Laptop Zombies

Via “Slashdot”:, I found “this article”: about Victrola, a coffeeshop in Seattle, that is now shutting off its wifi on Saturdays and Sundays in order to “take back its culture.”

[The owner] said that the five-year-old cafe added free Wi-Fi when it seemed their customers wanted it a couple of years ago. It initially brought in more people, she said, but over the past year “we noticed a significant change in the environment of the cafe.” Before Wi-Fi, “People talked to each other, strangers met each other,” she said. Solitary activities might involve reading and writing, but it was part of the milieu. “Those people co-existed with people having conversations,” [she said].

But “over the past year it seems that nobody talks to each other any more,” she said. On the weekends, 80 to 90 percent of tables and chairs are taken up by people using computers. Many laptop users occupy two or more seats by themselves, as well. Victrola isn’t on the way to anywhere; it’s in the middle of a vibrant stretch of shops and restaurants on Capitol Hill’s 15th Ave. It’s exactly the kind of place that you want to sit down in, not just breeze through.

My first thought upon reading this was that the “solitary sea of laptops” vibe is exactly the thing I get from “murky coffee”: these days. When I stop by with Ella on weekdays, the place has plenty of people, but the background hubbub of conversation is often missing — people aren’t interacting. My second thought was “it wasn’t like that with “Common Grounds”:”

Maybe it’s just kneejerk nostalgia on my part. Common Grounds had wifi too, and I was overjoyed when they got it, but I don’t recall it having the same effect on the vibe/culture. Were those first couple of years, before it got wifi, somehow crucial in establishing a culture and providing a context for meeting other people — one which endured _with_ wifi for a time, but would eventually have eroded? I don’t think so. Even pre-wifi, I still always had my laptop along (and open) when I went there, as did many of the people I met there and eventually befriended.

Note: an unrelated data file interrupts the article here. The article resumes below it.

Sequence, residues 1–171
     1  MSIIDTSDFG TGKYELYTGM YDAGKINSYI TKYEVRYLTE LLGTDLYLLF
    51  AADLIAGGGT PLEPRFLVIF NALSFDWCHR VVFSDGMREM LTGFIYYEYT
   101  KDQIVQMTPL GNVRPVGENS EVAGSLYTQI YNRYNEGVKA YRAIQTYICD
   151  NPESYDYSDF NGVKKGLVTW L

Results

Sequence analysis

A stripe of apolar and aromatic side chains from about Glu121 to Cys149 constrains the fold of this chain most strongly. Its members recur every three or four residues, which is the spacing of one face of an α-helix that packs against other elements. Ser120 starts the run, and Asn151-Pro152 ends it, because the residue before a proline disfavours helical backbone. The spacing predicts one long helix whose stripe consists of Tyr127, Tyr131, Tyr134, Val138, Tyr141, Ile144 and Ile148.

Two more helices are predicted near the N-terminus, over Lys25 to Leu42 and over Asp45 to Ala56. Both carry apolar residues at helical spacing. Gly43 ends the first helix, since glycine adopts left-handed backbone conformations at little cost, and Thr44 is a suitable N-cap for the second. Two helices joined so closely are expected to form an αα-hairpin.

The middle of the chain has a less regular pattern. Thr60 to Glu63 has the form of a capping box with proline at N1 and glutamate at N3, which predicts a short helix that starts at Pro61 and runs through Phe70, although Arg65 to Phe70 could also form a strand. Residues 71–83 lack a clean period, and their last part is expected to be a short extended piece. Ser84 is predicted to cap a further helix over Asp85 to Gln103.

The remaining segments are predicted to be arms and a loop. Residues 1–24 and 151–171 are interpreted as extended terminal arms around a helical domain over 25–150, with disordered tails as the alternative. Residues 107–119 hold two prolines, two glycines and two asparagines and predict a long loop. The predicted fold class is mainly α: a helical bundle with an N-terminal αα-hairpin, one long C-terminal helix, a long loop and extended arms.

I think the most you can say is that getting that genuine, cool, community-spirited coffeeshop vibe is much harder than it looks. At CG it happened in large part due to a concerted effort on the part of the staff — something that easily might have resulted in disaster, but in their case worked, and worked well. That’s the sort of thing that makes a place less likely to become a nest of laptop zombies.

I have no idea whether Victrola’s experiment would work at all at murky. But it’s notable that both places, whatever their “culture,” share one principle that sets them apart from your corner Starbucks: that they exist for people to _linger_ in, and that hurrying people along (or disencouraging them from staying long with, say, ridiculously small tables) is anathema.